“How Europe Underdeveloped Africa”

Dr. Walter Rodney

This is one of those books that I feel underprepared to read. Human interests are fractal; every topic is full of so much more detail and history than you’d ever expect. And this is a book from deep within a topic area. There’s a lot of assumed prior reading that I just don’t have.

The general thesis is pretty simple to state: through slavery and colonization, Europe took the resources of Africa to fuel its own development, and in so doing, slowed the development of—or, roll credits, underdeveloped—Africa.

And that point is made quite well throughout. There’s a lot of the history of the relationship between Europe and Africa, and it’s a whole lot of interesting, useful information. The one point that really lodged in my head was population numbers over time: using the (very) rough census data available, the extrapolated populations of Europe, Asia, and the Americas just kept growing over time; Africa’s population stayed stable for a couple of centuries. Gee, do you think there’s something environmentally unique about Africa that meant this gigantic landmass with plenty of arable land was just immune to natural population growth? Or could it perhaps be that people kept showing up with empty ships and leaving with ships full of slaves?

And the population numbers were already something I hadn’t known about, but the larger point made is that having a permanent population drain is a massive detriment to a region’s ability to develop. Every person taken away isn’t just a person taken away, they’re a whole set of possible futures cut off. Every interaction they could’ve had with someone else, every possible invention they could’ve come up with… every child they could have had, and every interaction and invention and child that child could’ve had, expanding on into the future. A massive amount of potential, stolen away… over and over, constantly, for centuries. It’s a hell of an impact, and the way Dr. Rodney talks about it really drives that point home. For that alone, this book is well worth the read.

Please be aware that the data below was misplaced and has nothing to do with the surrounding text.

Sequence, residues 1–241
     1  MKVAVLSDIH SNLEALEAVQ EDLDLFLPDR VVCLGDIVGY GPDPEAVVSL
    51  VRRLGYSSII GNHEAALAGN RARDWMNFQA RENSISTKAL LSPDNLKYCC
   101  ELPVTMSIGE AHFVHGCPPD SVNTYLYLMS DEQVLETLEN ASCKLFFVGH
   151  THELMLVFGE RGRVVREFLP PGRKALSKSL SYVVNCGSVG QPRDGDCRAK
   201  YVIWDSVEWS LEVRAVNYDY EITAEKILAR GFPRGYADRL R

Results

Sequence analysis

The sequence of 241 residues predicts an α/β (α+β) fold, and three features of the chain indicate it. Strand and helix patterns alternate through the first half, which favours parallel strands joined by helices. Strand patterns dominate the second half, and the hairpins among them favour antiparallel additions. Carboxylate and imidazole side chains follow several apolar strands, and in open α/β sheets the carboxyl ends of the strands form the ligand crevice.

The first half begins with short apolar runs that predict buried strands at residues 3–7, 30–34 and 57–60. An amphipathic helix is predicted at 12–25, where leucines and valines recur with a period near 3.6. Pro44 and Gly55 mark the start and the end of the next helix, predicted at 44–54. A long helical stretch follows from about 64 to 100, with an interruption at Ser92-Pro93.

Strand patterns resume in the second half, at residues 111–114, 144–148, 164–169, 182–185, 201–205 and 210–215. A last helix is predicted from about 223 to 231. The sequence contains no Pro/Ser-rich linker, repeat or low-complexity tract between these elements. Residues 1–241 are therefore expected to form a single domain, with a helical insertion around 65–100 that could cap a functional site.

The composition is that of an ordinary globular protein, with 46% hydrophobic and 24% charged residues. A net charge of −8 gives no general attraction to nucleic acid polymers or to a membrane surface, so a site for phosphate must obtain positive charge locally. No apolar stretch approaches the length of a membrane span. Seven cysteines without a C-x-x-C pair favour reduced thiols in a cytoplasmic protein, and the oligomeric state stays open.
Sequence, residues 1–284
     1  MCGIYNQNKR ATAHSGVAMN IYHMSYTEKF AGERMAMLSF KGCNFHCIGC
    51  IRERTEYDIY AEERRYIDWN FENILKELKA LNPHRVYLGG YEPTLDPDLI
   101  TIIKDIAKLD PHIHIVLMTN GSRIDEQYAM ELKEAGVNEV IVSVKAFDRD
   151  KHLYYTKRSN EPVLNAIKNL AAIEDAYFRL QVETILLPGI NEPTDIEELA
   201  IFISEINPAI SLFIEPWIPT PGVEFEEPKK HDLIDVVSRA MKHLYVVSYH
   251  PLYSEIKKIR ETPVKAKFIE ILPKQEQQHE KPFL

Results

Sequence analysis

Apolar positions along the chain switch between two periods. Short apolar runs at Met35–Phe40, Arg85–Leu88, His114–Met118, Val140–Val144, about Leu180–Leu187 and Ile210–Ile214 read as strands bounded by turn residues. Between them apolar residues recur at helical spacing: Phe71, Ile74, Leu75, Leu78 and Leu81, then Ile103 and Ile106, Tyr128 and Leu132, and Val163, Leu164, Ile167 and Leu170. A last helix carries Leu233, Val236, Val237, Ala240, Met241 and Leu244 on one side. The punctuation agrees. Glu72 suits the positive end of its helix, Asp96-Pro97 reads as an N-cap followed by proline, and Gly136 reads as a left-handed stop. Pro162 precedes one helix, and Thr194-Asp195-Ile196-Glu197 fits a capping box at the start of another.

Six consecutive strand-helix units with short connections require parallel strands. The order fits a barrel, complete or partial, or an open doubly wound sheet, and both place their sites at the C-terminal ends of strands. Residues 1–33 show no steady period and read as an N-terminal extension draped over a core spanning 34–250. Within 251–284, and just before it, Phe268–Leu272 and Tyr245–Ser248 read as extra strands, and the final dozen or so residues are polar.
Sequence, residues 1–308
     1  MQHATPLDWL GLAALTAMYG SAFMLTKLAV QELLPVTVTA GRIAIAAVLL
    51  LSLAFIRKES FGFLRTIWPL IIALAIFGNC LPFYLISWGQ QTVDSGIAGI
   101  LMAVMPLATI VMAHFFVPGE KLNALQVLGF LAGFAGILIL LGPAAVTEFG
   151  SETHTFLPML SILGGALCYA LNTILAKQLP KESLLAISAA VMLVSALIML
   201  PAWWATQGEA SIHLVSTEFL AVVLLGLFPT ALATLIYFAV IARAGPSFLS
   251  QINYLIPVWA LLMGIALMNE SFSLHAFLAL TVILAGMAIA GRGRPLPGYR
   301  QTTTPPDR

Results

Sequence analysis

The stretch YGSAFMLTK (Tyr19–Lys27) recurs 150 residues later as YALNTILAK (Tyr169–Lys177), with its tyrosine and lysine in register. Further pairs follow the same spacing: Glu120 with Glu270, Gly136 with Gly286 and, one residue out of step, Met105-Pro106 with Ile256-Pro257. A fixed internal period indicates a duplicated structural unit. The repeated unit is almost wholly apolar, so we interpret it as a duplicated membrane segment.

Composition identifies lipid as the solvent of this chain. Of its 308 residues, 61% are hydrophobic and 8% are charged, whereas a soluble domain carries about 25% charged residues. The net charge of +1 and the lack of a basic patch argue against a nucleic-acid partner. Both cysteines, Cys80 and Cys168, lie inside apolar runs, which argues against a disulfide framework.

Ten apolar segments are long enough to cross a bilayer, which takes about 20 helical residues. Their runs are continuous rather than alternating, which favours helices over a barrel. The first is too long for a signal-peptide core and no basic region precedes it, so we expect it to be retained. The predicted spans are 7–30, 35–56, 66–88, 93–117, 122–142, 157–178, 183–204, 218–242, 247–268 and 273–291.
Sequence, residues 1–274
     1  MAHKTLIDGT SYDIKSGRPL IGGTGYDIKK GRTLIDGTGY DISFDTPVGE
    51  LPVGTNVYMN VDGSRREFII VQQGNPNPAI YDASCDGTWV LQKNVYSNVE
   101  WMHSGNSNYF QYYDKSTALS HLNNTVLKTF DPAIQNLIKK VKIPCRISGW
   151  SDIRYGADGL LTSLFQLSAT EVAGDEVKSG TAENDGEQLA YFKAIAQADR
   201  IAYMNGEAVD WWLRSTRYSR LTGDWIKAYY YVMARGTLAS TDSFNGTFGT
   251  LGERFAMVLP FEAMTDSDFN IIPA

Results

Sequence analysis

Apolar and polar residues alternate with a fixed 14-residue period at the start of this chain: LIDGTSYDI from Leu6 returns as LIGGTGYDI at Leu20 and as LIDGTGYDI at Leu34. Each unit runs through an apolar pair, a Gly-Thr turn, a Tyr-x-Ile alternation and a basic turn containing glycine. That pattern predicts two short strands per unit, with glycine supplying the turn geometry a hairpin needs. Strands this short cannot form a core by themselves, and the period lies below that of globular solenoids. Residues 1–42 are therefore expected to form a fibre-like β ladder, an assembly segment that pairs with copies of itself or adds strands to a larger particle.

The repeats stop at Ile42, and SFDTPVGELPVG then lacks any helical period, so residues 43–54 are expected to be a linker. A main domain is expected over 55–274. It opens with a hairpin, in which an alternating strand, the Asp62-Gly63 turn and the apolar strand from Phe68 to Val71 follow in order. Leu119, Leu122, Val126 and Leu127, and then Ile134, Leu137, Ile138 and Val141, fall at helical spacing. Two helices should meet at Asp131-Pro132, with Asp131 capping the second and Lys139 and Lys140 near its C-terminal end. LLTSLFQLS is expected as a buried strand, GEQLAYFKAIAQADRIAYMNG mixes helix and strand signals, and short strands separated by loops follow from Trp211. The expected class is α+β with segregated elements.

There’s two part of the book that didn’t hold up well. Firstly, it was written in the 1960s, and has a lot to say about the future of socialism, with the unfortunate outcome of pointing to the USSR and North Korea as shining examples of development. That… aged poorly.

The other issue is a lot more mechanical, and hopefully just an issue of the specific edition I was reading: it had, very clearly, been run through OCR software at some point, and was reprinted based on that without an editing pass. It’s a tad headache-inducing to have to deliberately blur your vision at times so you can figure out what word was supposed to be there, based on the shape, instead of whatever word actually wound up there. Whatever OCR software was used, it was very bad at distinguishing between the characters f/l/t, as well as c/e, and the editing pass appears to have been “paste it into Word, hit ‘spell check,’ accept the first suggestion for everything.” Not great, Bob!

All in all, I found this to be an interesting read, and can heartily recommend it. Maybe… avoid this specific edition, though.1

  1. This is a Bookshop affiliate link – if you buy it from here, I get a little bit of commission. It won’t hurt my feelings if you buy it elsewhere; honestly, I’d rather you check it out from your local library, or go to a local book store. I use Bookshop affiliate links instead of Amazon because they distribute a significant chunk of their profits to small, local book stores.